"Countless residents have come to see their towns at a crossroads. So is the state.

"Sprawl diminishes open lands that support agriculture, water supplies, wildlife habitat and the character of the Connecticut countryside. It isolates poor and senior citizens, and limits housing variety…"

Relentless, helter-skelter development is chewing up CT landscape

The Hartford Courant, editorial, October 10, 2005.
Reproduced by the Connecticut Conference of Municipalities

"It’s great to live in Connecticut; we have a quality of life that is the envy of much of America…but that quality of life is threatened…

"As we held public hearings in municipalities across the state, we heard from Nutmeggers...We noted that expensive infrastructure is crumbling and going unused in our core cities while being rebuilt at great expense in formerly rural areas.  Connecticut is losing open space at a rate twice the national average…

"Growth management should come from the bottom up, not the top down…now is the time for a bold agenda for transportation and land use in Connecticut."

Groundwork’s Been Laid For Smarter Growth

The Hartford Courant, commentary,July 9, 2006.
By Lewis J. Wallace, Jr.Chairman, Planning & Development Committee, Connecticut General Assembly

"A wide variety of recent reports, polls and policy documents agree that Connecticut is at a crossroads...

"The overriding conclusion is that Connecticut must improve how it manages its public resources if it hopes to…maintain its quality of life.  All types of communities—central cities, fully-developed suburbs, newly developing suburbs, and even affluent areas—are hurt by the way Connecticut is growing…Current land use, zoning and tax laws encourage sprawl, traffic, pollution, and poor planning, and contribute to increased segregation of poor people and racial minorities in a few towns and cities."

Connecticut’s Future:  An Emerging Consensus

CenterEdge ProjectOffice of Urban Affairs, Archdiocese of Hartford


"The most significant threats to Connecticut’s land and waterscapes include habitat loss, degradation and fragmentation from development;  changes in land use;  and competition  from invasive species.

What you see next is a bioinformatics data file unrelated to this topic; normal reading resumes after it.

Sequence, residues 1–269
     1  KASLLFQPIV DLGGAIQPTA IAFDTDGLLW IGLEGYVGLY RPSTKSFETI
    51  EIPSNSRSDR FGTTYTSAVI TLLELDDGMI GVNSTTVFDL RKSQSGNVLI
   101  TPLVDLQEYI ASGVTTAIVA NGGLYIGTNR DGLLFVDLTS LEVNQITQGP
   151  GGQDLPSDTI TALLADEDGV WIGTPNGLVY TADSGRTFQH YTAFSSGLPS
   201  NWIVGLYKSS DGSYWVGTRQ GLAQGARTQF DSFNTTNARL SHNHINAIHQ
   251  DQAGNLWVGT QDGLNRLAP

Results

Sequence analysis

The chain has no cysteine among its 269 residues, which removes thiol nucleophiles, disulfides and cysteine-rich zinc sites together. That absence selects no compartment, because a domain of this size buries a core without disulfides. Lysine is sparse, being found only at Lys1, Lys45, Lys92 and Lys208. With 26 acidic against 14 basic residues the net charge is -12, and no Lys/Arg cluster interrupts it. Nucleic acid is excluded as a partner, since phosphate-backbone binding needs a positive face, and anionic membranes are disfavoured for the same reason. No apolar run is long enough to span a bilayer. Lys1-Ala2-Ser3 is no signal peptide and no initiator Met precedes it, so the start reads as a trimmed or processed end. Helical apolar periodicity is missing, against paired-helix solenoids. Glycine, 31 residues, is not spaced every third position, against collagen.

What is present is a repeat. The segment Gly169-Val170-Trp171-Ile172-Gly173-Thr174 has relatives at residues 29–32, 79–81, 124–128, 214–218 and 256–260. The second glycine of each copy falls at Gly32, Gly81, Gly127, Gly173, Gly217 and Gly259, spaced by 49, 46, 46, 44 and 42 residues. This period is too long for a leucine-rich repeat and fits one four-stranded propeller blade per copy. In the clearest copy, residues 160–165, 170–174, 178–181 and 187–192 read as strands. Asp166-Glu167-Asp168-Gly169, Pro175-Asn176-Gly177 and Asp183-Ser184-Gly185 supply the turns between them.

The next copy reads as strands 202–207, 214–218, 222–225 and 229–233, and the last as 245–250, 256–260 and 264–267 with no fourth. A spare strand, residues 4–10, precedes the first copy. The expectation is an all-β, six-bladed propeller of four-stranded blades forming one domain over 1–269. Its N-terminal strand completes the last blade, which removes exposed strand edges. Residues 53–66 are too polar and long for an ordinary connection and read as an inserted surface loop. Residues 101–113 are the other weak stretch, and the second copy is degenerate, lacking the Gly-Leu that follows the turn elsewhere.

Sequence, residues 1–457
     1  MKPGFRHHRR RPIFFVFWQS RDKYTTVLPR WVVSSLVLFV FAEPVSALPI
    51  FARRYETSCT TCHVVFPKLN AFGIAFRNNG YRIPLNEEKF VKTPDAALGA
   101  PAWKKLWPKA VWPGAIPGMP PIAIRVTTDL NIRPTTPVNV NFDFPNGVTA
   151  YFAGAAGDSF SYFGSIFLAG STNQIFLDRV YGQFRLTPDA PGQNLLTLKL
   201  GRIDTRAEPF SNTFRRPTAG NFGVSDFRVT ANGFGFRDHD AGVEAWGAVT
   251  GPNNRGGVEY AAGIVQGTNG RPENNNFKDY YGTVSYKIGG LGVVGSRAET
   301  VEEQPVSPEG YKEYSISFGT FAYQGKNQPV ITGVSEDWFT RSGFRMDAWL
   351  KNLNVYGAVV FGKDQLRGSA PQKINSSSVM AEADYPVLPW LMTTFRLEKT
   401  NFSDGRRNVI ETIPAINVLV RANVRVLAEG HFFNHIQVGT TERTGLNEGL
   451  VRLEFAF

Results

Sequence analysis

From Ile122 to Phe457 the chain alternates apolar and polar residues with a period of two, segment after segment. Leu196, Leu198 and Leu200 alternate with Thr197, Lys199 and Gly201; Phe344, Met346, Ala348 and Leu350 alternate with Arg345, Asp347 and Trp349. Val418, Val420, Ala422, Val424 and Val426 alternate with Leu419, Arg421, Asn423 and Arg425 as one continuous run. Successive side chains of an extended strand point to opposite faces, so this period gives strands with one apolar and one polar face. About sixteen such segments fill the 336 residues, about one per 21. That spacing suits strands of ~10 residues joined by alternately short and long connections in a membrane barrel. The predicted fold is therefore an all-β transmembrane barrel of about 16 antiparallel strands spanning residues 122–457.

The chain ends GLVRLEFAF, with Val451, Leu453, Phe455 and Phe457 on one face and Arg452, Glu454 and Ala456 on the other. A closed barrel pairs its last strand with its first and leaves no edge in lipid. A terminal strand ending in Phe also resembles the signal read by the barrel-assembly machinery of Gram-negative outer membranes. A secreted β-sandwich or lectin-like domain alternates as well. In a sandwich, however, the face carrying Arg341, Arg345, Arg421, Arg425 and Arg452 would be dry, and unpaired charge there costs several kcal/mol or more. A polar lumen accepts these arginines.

"Other threats include insufficient scientific knowledge regarding wildlife and their habitats (distribution, abundance, and condition);  the lack of landscape-level conservation;  insufficient resources to maintain or enhance wildlife habitat;  and public indifference toward conservation.

Connecticut Comprehensive Wildlife Conservation Strategy

November, 2005. State of Connecticut, Department of Environmental Protection 

"Granby faces the challenge of maintaining its rural character, charm, tradition, and values, while providing cultural, recreational, housing, educational, commercial and employment opportunities.

"The Town’s farmlands and open spaces offer an inviting atmosphere and a source of fruits and vegetables.  Viewing the livestock, smelling manure, experiencing the changing scenery of the a treasure that will be missed if it is allowed to disappear."

"We look to the sky when we hear the geese and spot the "V" pattern of their flight.  We stop and listen to the chant of the morning dove, the hoot of the owl and the melodies of the songbirds.  We clean up the mess made by the bears and raccoons and hang our bird feeders a bit higher. We catch and release, turn rocks in search of salamanders and shriek at the movement of a snake. We choose to make our home among the wildlife and we are the better for it."

A Plan of Conservation and Development, February, 2005

Town of Granby

Next: The Groundswell for Environmental Planning in CT